Featured Image: View on Galdhøpiggen, the highest mountain top in Norway. It lies just one valley away from the mountain range with the Lendbreen Ice Patch (Pixabay | Geir Ormseth).
Since the publication of the article in Antiquity last year, archaeologists have uncovered more artefacts on The Lendbreen Ice Patch, and they have gone in search of the rest of the trail that crosses the pass.
Summer farms at Neto
Based on the findings until last year, researchers already assumed that the pass at Lendbreen was perhaps part of a larger trade route during the medieval period. And indeed, they discovered more when they followed the trail over and beyond the pass. Stone markings led the way toward local summer farms, but then rose above. The dense vegetation makes it difficult to detect ancient ruins of buildings. They found twenty-one structures and clear one of them to get a sense of the house. A summer farm was divided into living spaces for the family and cattle. Radio-carbon dating of two houses hit the proverbial nail on the head… all samples date 750-1150 CE. This confirms a Viking Age settlement at Neto.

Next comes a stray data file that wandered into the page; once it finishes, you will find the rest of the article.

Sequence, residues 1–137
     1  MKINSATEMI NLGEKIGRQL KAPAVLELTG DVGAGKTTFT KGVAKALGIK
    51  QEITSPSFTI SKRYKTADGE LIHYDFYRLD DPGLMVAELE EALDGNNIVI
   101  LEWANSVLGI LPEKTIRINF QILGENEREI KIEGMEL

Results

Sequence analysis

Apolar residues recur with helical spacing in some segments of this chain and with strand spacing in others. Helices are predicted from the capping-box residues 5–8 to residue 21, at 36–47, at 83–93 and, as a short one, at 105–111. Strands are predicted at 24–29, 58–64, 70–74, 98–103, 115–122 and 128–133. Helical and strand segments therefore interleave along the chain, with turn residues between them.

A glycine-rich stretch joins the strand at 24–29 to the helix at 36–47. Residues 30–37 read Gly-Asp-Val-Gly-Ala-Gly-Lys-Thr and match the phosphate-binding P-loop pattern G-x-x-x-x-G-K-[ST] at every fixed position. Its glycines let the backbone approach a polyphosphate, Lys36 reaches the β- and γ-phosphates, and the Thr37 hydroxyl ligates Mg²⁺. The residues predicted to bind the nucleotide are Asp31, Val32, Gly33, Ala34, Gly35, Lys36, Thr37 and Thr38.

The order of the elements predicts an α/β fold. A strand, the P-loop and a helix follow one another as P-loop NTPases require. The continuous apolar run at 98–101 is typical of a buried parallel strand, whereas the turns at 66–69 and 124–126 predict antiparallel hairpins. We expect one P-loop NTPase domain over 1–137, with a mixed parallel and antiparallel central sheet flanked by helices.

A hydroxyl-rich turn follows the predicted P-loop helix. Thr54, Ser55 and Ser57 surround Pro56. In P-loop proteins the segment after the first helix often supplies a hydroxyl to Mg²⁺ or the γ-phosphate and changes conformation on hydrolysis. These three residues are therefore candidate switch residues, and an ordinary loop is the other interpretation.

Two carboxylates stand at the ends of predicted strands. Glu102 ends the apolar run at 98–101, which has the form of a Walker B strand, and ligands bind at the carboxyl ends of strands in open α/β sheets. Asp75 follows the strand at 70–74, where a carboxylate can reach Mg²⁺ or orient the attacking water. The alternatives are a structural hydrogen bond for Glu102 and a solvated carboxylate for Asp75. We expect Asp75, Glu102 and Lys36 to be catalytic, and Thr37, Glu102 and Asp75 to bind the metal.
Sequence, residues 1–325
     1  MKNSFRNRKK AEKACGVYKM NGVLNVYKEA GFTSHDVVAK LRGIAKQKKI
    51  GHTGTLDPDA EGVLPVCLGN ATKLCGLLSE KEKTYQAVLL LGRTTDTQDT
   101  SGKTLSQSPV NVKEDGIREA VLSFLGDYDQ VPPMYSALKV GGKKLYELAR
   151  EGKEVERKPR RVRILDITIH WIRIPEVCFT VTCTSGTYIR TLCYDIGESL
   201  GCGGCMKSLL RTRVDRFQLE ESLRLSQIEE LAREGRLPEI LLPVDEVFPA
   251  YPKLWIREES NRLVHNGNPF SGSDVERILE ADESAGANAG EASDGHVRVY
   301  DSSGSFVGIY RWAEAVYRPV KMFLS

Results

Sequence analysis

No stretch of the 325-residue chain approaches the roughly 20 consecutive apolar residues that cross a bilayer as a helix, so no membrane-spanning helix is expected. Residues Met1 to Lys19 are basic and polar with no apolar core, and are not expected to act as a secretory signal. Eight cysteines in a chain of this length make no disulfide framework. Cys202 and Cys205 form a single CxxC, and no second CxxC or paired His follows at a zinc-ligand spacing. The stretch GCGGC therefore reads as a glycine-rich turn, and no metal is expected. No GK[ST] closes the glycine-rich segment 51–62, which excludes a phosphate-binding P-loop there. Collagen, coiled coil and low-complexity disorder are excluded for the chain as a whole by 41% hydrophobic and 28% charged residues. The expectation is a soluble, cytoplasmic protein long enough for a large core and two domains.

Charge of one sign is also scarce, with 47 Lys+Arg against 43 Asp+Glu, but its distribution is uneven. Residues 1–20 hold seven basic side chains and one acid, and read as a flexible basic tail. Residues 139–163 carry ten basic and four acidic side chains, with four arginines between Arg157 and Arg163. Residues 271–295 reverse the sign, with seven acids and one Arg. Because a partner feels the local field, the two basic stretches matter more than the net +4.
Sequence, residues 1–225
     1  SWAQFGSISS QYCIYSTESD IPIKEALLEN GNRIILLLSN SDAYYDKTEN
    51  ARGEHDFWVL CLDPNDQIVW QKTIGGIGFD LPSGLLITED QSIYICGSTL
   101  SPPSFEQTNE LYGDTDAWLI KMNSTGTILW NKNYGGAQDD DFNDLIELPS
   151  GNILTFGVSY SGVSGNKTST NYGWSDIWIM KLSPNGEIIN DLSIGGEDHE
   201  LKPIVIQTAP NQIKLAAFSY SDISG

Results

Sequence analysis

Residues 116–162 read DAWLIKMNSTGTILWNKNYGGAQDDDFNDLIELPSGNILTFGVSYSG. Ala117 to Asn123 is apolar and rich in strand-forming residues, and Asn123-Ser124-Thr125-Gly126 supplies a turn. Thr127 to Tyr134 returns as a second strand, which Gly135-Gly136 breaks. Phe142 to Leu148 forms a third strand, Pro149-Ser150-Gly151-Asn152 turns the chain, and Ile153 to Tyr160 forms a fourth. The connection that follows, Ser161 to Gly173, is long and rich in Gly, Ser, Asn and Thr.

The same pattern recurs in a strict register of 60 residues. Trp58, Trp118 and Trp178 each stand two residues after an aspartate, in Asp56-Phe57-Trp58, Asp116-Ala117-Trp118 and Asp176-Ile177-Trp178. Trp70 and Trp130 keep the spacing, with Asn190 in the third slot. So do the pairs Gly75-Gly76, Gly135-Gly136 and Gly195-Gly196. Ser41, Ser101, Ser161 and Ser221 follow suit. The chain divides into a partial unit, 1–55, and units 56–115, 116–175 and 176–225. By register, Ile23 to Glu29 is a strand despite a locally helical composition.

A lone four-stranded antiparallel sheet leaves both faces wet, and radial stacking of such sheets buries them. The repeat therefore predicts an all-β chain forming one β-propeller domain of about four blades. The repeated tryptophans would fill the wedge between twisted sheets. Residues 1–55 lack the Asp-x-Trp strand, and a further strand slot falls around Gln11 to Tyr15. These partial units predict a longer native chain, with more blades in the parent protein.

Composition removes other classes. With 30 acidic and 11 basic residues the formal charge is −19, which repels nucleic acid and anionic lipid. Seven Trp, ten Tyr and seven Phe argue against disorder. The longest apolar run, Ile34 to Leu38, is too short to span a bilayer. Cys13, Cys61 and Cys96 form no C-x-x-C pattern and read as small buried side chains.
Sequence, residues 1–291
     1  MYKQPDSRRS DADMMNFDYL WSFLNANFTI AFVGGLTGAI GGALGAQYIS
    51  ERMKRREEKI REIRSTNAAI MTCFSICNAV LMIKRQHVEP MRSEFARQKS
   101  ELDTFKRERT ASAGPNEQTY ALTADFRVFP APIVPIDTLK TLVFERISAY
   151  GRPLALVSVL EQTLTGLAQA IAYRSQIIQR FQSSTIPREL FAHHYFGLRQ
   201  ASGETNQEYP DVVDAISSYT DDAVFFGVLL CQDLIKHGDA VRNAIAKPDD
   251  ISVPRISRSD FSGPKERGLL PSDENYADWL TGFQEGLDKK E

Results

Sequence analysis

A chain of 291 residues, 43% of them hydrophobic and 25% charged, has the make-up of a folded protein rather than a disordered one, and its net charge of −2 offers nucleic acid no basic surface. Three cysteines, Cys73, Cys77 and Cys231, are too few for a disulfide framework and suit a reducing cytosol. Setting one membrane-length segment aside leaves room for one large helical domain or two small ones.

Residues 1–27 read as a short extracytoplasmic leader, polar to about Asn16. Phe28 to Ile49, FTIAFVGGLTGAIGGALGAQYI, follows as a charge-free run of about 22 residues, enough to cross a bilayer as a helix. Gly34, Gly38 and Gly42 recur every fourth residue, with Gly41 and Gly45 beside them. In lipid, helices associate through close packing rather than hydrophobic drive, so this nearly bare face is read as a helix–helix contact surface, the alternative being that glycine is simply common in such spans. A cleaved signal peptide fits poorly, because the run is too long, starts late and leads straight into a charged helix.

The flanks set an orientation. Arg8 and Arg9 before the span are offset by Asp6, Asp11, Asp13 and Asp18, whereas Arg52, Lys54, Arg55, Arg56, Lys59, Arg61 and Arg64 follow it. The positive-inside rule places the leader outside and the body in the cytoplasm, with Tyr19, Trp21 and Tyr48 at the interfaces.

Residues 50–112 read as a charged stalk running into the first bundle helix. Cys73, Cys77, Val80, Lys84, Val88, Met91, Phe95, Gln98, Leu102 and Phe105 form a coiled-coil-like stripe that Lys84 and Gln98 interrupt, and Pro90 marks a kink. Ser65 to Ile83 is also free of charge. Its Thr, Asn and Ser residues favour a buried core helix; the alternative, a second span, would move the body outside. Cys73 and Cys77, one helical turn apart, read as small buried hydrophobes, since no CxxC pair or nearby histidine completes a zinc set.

The intention of the archaeologists is to discover the rest of the trail (all the way to the fjords?), where the settlements along the trails are, and to learn how the route functioned in the local community.
More than just Viking Age
Just before you think this whole trail only existed in the Viking Age… it didn’t. Archaeologists post photos of bows and arrows from the Early Bronze Age, and more recently of a mysterious pinewood box. Lab results showed that a beeswax candle was inside the box and that they date back to the late medieval period. This coincides with a local tradition called seterbruk. Farmers took these candles along with them when travelling from their main farms to the summer farms. Because these candles were expensive they were protected by a bundle of branches, or in this case, a box (see also Archaeologie Online [Dutch language]).